Dr. Fletcher is a Professor of Radiology, Dr. Fidler is an Associate Professor of Radiology, Dr. Huprich is an Associate Professor of Radiology, Mr. Llano is a Research Fellow, Mr. Spencer is a Research Fellow, Department of Radiology, and Dr. Bruining is an Assistant Professor of Medicine, Division of Gastroenterology and Hepatology, at the Mayo Clinic, Rochester, MN.
advances in computed tomography (CT) and magnetic resonance (MR)
technology permit excellent visualization of the small-bowel wall and
lumen with enteric contrast when the organ is appropriately distended.1,2 These techniques can accurately detect small-bowel inflammation,3-6 tumors,7,8 and even vascular lesions.8,9
These imaging advances directly impact patient care and are changing
diagnostic approaches to patients with inflammatory bowel disease and
Overview of techniques: Acquisition and indication
variations exist for CT and MR imaging of the small bowel. Table 1
summarizes the clinical indications for different types of dedicated
small-bowel imaging exams with CT or MR. Table 2 summarizes the most
salient features of image acquisition for each of these imaging
is a global exam to assess for suspected small-bowel disease.
Predominant indications include Crohn’s disease (diagnosis and staging),
abdominal pain, diarrhea, diffuse small-bowel diseases, and low-grade
obstruction. It is performed with large volumes of neutral enteric
contrast, along with iodinated intravenous contrast, to maximize the
visualization of enhancing small-bowel wall and inflammation.
Multiplanar images are reconstructed with high spatial resolution (slice
thickness ≤3 mm) in multiple planes. While water can be used for
enteric contrast, agents that prohibit resorption of water along the
small-bowel lumen,such as polyethylene glycol and low-contrast barium
solution (Volumen), are preferred, as they improve small-bowel
distention and lengthen the period in which optimal imaging is possible.12 Our
institution typically gives patients 3 bottles (1350 cc) of
low-contrast barium solution (Volumen) over 30 to 60 min prior to a CT
or MR enterography examination, with an additional 500 cc of water 15 min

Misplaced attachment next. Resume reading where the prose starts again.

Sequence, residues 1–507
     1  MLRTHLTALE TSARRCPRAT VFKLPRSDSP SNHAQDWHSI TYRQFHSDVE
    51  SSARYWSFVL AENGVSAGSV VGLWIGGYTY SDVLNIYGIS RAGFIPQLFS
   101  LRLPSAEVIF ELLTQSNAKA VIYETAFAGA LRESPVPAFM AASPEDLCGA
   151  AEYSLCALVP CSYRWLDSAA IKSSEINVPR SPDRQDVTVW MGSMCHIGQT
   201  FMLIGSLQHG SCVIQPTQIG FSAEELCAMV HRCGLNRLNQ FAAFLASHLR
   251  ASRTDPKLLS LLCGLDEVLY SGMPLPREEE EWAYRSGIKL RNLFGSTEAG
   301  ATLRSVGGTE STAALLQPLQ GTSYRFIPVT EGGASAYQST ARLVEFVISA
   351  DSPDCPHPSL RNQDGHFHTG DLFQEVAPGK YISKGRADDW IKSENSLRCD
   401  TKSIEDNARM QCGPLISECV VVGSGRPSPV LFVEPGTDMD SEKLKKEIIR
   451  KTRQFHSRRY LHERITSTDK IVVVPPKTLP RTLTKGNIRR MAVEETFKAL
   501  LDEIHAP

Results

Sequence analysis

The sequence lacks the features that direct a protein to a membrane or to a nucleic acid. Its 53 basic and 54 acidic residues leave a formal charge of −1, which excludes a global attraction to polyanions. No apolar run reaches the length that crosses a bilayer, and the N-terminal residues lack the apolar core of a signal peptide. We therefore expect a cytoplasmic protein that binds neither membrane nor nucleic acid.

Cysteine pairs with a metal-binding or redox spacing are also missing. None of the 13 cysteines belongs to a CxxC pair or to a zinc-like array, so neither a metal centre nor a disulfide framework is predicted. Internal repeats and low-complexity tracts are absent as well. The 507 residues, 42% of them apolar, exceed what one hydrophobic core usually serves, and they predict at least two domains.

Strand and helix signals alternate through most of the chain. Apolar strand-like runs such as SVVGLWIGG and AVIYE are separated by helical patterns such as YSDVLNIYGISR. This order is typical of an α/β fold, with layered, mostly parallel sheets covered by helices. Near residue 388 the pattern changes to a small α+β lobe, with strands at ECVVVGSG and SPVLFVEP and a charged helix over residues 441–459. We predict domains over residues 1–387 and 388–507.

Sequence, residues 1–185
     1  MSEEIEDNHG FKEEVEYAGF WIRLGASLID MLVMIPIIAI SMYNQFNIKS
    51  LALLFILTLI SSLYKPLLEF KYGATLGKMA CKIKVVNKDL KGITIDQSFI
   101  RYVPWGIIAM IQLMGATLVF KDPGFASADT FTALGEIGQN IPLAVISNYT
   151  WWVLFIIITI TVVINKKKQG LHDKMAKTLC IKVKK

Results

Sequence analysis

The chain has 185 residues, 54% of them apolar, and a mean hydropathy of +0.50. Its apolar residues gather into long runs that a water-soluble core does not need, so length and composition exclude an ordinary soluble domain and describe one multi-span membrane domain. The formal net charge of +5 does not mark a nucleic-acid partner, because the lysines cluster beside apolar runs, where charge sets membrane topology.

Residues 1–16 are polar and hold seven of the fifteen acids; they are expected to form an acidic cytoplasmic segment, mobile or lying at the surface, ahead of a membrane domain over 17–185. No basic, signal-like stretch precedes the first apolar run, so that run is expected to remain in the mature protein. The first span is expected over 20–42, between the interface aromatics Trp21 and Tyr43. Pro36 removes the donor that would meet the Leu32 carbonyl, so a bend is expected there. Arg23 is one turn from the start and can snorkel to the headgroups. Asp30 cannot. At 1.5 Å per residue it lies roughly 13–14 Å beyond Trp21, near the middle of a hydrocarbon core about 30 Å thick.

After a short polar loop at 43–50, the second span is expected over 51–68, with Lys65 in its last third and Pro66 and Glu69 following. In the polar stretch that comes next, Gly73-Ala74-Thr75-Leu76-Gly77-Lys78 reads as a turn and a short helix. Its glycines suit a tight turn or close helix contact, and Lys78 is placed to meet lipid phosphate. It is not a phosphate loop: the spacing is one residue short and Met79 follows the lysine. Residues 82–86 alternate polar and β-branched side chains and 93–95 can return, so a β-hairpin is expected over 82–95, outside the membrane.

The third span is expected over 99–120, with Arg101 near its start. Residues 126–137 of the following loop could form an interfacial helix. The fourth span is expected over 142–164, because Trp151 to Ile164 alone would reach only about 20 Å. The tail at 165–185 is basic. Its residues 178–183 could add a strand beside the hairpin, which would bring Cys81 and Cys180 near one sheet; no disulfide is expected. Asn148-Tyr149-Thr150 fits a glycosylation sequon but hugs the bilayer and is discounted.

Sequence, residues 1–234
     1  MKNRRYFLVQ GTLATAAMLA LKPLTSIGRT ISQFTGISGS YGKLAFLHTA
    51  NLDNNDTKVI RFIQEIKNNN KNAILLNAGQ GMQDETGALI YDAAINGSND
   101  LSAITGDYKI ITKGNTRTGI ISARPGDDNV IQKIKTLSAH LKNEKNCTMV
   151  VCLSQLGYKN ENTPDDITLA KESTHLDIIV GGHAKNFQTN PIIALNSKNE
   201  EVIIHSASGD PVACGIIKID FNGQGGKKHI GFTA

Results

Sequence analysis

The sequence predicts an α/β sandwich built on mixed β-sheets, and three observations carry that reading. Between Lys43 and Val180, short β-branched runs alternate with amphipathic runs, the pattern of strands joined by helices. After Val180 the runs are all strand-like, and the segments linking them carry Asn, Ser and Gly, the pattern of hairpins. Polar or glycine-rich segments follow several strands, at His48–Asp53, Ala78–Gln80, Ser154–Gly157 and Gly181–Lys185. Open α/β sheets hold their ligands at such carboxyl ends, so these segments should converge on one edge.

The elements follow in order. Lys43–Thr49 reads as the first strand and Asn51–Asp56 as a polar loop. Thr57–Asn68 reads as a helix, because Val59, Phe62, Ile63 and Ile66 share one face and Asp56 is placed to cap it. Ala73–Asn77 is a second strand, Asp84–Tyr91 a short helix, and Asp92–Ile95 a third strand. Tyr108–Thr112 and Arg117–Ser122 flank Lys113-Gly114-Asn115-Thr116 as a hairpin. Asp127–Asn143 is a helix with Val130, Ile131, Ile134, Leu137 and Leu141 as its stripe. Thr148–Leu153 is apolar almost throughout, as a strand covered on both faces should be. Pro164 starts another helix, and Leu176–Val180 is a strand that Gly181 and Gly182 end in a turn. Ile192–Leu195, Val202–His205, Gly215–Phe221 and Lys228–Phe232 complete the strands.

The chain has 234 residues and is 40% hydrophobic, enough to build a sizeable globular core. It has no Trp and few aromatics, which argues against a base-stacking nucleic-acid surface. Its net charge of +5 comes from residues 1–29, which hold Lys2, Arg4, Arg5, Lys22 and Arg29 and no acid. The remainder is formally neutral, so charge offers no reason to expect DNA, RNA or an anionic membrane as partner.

prior to imaging. Because of the large volume of ingested enteric
contrast, radiologists and clinicians should recognize that other
imaging alternatives should be contemplated for hospitalized patients.
Contrast-enhanced CT is typically performed 50 sec after the injection
of enteric contrast during the enteric phase, when peak small-bowel
enhancement is achieved.13 However, it should be recognized
that imaging in the portal phase of enhancement is also acceptable and
does not decrease the performance of the exam in identifying active
Crohn’s disease (Figure 1).14 Ideally, minimal detector
configurations of < 1 mm are selected to obtain crisp coronal images
that maximize z-axis spatial resolution. Radiologic technologists should
be taught that CT enterography exams must obtain images through the
entire perineum in order to detect perianal fistulizing disease, which
is the sole finding of active disease in some patients. CT enterography
exams should be performed with CTDIvol less than routine
abdominal CT, despite the decreased slice thickness, which is possible
because of the high contrast of the small-bowel wall and Crohn’s-related
enteric inflammation. Automatic exposure control should be utilized to
minimize and individualize radiation dose. Recent studies have shown
that automatic exposure control can be used to substantially decrease
radiation dose at CT enterography, while maintaining diagnostic
performance (Figure 1).15-17 Lower tube voltages can be used
to increase iodine signal to compensate for suboptimal intravenous
contrast or to reduce radiation dose (Figure 2).
Because segmental mural hyperenhancement is associated with histologic inflammation,4
CT enterography can be used to detect small-bowel, Crohn’s-related
inflammation. CT enterography has a sensitivity of approximately 80% to
90% for detecting active small-bowel inflammation from Crohn’s disease,
when CT enterography is performed as described above and using
ileocolonoscopy with biopsy as a reference standard.3-5, 18-22 However,
a recent comparison of CT and MR enterography demonstrated that active
small-bowel inflammation can be present when a normal-appearing ileal
mucosa is identified at ileocolonoscopy.6 The potential
systematic error in using ileocolonoscopy alone as a reference standard
for detecting small-bowel Crohn’s disease likely results in an 8% to 9%
underestimate of sensitivity in theafore mentioned studies.23 Radiologists should use a combination of mural thickness and hyperenhancement when identifying active small-bowel inflammation.3, 23 Similar findings can be used to identify colonic inflammation.24
enterography can be performed with standard 1.5 tesla (T) magnets
employing an 8-channel phased array coil to image the abdomen and
pelvis. The timing of enteric contrast ingestion is similar to CT